Results: Parkinson's disease patients reported greater incidence of intestinal disease and digestive problems than controls. Direct comparison of levels of stool analytes in patients and controls revealed elevated vascular endothelial growth factor receptor 1, interleukin-1α, and CXCL8 in patients' stool. Paired comparison of patients and spouses suggested higher levels of multiple factors in patients, but this was complicated by sex differences. Sex, body mass index, a history of smoking, and use of probiotics were found to strongly influence levels of stool analytes. Multivariate analysis accounting for these and other potential confounders confirmed elevated levels of interleukin-1α and CXCL8 and also revealed increased interleukin-1β and C-reactive protein in stool in Parkinson's disease. These differences were not dependent on subject age or disease duration.

Conclusions: Levels of stool immune factors indicate that intestinal inflammation is present in patients with Parkinson's disease. © 2018 International Parkinson and Movement Disorder Society.
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http://dx.doi.org/10.1002/mds.27326DOI Listing
http://www.ncbi.nlm.nih.gov/pmc/articles/PMC5992021PMC
May 2018

Effect of diazepam and yohimbine on neuronal activity in sham and hemiparkinsonian rats.

Neuroscience 2017 05 4;351:71-83. Epub 2017 Apr 4.

Department of Neuroscience & Experimental Therapeutics, Albany Medical College, 47 New Scotland Ave, Albany, NY 12208, USA; Department of Neurology, Movement Disorders Center, Albany Medical Center, 47 New Scotland Ave, Albany, NY 12208, USA. Electronic address:

The prefrontal cortex and the amygdala are critical for the emotional guidance of behavior and are believed to be a site of action for many anxiolytics and anxiogenics. Despite extensive studies examining how these drugs affect behavior, there is little information regarding their effects on neuronal activity. Additionally, with recent recognition of anxiety as a non-motor symptom of Parkinson's disease, it is unknown if activity in the cortex and the amygdala is altered. Previously, we reported that hemiparkinsonian rats had higher baseline anxiety-like behavior and diminished responsiveness to the acute anxiolytic, diazepam. In contrast, sham-lesioned rats exhibited anxiolytic behavior to diazepam. In this study, we monitored in vivo single-unit spiking activity simultaneously from the anterior cingulate cortex (ACC) and the basolateral amygdala (BLA) in anesthetized sham-lesioned and hemiparkinsonian rats to unmask neuro-circuits underpinning the difference in diazepam responsiveness. We found that baseline spiking activity in the ACC was the same in both sham and hemiparkinsonian rats. We also noted a similar phenomenon for baseline activity in the BLA between sham and hemiparkinsonian rats. However, neuronal spiking activity after diazepam administration (1.5mg/kg, SubQ) was lower than in controls in the ACC of sham-lesioned rats whereas no difference was noted after diazepam treatment in hemiparkinsonian rats. BLA neuronal spiking activity was unaffected by diazepam administration in either animal group. On the other hand, yohimbine treatment (5mg/kg, SubQ) coincided with lower neuronal spiking activity compared to controls in the BLA of sham-lesioned rats, but was unchanged from controls in hemiparkinsonian rats. Yohimbine did not affect ACC neuronal spiking activity in either group. Overall, the lack of ACC responsiveness to diazepam in hemiparkinsonian, but not sham-lesioned rats underscores a plausible fundamental difference in anxiety-related neural signaling between animal groups.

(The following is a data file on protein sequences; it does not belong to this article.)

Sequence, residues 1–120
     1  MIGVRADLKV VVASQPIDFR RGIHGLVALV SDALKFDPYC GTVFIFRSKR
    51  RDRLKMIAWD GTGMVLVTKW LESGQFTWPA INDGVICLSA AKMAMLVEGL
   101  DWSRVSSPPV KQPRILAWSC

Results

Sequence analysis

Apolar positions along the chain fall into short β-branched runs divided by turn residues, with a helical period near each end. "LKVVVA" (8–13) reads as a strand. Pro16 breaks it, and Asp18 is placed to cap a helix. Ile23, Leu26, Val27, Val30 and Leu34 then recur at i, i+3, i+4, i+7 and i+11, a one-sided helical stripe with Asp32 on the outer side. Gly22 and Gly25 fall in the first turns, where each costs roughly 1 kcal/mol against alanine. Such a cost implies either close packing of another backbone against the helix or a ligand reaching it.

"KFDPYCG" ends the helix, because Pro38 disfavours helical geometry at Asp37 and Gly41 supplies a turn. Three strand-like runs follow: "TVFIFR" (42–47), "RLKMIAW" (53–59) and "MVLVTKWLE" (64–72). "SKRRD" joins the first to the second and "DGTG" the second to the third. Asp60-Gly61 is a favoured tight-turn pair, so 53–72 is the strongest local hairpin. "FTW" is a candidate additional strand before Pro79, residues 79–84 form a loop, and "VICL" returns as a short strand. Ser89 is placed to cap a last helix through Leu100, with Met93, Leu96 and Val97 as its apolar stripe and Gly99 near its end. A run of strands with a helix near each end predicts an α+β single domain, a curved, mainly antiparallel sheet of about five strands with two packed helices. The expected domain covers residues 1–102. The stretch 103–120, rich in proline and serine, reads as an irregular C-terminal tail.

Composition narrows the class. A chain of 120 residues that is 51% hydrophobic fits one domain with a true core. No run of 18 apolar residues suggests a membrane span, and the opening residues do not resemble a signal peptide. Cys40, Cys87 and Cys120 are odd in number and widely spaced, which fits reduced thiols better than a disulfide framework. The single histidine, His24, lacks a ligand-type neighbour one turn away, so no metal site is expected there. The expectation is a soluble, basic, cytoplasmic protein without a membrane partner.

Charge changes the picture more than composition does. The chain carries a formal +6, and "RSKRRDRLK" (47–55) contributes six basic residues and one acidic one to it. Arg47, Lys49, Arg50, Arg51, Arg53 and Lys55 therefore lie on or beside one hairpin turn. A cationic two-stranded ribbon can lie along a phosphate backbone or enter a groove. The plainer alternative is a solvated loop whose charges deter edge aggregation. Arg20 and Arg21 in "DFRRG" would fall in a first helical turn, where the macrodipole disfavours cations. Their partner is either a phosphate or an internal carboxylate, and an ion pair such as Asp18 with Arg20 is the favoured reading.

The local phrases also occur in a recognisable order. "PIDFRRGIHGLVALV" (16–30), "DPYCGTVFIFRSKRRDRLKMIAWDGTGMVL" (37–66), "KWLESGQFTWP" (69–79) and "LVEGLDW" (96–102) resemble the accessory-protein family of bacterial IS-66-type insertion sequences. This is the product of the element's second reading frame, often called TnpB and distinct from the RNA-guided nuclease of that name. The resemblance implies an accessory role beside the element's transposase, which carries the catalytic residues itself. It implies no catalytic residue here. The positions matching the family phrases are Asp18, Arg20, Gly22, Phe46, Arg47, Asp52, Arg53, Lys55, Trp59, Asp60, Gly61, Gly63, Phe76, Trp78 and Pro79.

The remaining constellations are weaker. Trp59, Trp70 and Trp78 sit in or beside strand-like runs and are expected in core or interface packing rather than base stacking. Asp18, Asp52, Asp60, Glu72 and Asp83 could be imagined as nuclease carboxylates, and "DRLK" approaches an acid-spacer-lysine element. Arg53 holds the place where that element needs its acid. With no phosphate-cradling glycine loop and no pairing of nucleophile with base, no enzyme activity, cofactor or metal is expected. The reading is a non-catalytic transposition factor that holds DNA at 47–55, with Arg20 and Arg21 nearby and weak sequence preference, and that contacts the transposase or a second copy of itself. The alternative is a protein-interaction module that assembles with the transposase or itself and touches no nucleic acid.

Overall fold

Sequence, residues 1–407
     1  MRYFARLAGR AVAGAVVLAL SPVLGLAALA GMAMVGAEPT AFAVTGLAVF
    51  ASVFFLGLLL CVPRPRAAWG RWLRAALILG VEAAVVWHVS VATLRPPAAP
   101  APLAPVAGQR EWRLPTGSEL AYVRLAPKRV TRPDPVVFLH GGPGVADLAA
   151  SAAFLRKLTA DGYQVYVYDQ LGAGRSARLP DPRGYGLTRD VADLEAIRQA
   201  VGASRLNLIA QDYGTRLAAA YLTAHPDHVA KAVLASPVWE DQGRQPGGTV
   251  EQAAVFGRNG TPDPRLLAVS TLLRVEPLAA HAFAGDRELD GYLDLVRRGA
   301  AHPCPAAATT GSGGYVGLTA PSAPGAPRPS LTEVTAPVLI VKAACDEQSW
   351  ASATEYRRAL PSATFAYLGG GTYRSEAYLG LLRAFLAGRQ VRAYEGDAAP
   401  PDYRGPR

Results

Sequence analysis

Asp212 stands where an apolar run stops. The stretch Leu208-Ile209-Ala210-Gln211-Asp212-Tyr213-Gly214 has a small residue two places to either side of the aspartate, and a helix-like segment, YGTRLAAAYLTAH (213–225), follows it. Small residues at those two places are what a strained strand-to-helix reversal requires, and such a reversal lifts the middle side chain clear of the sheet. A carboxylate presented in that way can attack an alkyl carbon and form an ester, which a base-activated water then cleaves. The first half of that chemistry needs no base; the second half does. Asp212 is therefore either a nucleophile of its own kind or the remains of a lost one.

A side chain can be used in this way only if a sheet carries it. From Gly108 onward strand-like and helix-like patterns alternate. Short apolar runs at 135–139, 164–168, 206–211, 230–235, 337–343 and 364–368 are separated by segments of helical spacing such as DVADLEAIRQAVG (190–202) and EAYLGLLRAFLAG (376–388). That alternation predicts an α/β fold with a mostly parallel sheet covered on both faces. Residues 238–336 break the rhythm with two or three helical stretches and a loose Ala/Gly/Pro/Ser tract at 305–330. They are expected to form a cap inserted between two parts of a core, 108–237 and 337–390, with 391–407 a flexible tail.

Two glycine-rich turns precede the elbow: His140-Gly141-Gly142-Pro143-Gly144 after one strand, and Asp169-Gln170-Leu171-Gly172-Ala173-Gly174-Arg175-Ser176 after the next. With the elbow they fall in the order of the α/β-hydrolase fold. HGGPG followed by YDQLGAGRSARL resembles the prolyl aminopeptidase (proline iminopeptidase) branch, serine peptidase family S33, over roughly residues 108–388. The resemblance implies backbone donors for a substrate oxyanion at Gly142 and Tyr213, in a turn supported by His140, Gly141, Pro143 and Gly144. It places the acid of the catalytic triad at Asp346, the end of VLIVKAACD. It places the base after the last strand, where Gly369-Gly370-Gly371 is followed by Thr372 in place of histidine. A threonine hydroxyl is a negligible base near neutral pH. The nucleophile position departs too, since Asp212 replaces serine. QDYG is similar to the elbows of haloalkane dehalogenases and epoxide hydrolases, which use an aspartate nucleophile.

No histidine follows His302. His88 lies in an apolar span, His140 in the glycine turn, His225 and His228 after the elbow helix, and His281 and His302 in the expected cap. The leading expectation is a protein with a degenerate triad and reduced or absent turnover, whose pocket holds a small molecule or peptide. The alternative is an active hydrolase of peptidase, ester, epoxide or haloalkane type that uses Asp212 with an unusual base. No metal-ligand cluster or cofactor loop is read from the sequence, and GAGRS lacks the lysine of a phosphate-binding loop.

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http://dx.doi.org/10.1016/j.neuroscience.2017.03.039DOI Listing
May 2017

Parkinson's disease and Parkinson's disease medications have distinct signatures of the gut microbiome.

Mov Disord 2017 05 14;32(5):739-749. Epub 2017 Feb 14.

Department of Neurology, University of Alabama at Birmingham, Birmingham, Alabama, USA.

Background: There is mounting evidence for a connection between the gut and Parkinson's disease (PD). Dysbiosis of gut microbiota could explain several features of PD.

Objective: The objective of this study was to determine if PD involves dysbiosis of gut microbiome, disentangle effects of confounders, and identify candidate taxa and functional pathways to guide research.